The goal of my research is not literary analysis for its own sake; it is to understand how fictional representations of new and future genetic and reproductive technologies reflect and affect the lives of real women. That said, one may wonder why, if the experiences of real-world people are my target, I choose to study them through fiction. It is because I believe fiction gives us a rhetorical device step outside our own reality--a necessary skill for anyone writing laws, funding research, or making one-on-one moral decisions.
Bioethicist Sarah Chan writes, "The creation of a fictional backdrop helps readers to address ethical issues by allowing us more easily to envision ourselves in the place of another." She is one of a group of scientists, doctors, ethicists, and scholars calling for more attention to be paid to the way fiction informs real world decisions and beliefs.
Given my argument here, it's not surprising that the following quote caught my eye. It is from Brit Marling, the co-writer and star of the new film Another Earth, in which a woman deals with the consequences of killing two people in a drunk-driving accident, while trying to find a way to get to Earth 2, a duplicate of our Earth, to meet her other self--one who might not have made the same mistakes. Although clearly fiction, it brings the concept of the multiverse, an accepted topic of discussion and research in physics, to an intensely personal level. The article argues that "[w]ithout Earth 2, Rhoda is another character, wishing for a different outcome, rather than a character that can see the other outcome directly in front of her, up in the sky." It ends with this quote from Marling:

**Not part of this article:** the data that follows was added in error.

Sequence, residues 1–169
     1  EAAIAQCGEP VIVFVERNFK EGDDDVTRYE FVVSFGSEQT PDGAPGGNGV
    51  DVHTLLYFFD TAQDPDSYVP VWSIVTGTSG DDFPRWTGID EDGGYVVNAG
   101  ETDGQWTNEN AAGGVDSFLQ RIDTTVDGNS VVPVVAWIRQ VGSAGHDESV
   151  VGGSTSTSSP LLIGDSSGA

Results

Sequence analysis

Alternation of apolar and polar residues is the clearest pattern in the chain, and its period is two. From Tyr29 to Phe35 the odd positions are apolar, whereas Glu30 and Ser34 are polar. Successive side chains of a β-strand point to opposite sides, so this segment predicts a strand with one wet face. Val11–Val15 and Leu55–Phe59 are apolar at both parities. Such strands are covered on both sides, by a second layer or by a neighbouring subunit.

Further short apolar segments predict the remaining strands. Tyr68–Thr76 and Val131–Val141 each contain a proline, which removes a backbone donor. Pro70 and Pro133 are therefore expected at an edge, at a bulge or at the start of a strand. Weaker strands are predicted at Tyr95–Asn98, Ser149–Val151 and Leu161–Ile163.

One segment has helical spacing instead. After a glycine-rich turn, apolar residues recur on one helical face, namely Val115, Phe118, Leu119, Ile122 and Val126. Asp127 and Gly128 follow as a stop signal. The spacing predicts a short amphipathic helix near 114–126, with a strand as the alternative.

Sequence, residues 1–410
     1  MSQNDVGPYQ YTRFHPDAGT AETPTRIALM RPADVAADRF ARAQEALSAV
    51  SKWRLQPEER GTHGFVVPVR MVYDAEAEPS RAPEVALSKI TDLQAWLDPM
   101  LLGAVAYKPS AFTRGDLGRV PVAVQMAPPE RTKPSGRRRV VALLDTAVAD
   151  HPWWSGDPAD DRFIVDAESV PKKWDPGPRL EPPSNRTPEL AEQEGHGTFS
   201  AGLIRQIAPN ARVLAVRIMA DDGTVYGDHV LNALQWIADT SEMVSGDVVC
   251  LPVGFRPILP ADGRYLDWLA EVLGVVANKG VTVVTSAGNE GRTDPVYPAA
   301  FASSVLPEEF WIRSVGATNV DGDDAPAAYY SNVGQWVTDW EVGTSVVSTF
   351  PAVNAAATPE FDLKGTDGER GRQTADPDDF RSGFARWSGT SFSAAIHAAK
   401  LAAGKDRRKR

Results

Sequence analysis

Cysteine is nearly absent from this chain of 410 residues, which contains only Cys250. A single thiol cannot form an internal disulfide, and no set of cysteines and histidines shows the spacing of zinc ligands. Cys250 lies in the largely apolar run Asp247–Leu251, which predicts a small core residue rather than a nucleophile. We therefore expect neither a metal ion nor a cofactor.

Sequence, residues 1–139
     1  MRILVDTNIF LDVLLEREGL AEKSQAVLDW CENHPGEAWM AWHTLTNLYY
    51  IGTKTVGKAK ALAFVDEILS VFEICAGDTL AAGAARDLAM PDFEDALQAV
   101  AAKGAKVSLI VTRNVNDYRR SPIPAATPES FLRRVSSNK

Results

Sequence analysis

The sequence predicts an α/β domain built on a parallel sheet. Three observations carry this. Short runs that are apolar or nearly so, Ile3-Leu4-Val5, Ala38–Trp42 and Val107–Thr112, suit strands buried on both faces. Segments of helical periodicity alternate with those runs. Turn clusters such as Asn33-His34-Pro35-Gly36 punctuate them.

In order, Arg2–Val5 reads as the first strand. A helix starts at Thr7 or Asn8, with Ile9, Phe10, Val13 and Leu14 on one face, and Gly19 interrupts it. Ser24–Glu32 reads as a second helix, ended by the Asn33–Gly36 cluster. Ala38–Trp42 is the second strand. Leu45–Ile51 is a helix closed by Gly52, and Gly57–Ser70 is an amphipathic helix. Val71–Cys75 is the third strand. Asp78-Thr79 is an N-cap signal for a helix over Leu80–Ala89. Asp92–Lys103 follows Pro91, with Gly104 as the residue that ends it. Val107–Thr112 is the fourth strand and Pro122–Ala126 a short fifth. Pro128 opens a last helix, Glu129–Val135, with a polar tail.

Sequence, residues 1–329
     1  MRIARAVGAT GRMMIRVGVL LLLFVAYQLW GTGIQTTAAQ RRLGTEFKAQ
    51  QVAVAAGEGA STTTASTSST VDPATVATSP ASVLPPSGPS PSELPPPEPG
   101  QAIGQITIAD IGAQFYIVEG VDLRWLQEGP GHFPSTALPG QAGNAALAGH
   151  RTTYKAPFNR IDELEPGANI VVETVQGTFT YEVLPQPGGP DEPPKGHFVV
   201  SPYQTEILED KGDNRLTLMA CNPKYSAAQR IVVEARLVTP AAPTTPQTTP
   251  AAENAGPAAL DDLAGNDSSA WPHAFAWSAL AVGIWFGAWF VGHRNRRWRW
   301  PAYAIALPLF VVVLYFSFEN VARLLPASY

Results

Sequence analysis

"Sometimes in science fiction you can get closer to the truth than if you had followed all the rules."
- Chan, Sarah. "Editorial: More than cautionary tales: the role of fiction in bioethics." Journal of Medical Ethics 35.7 (2009):398-399.
- "Another Earth: Meeting the 'other you'. The Science and Entertainment Exchange 7 Sep. 2011.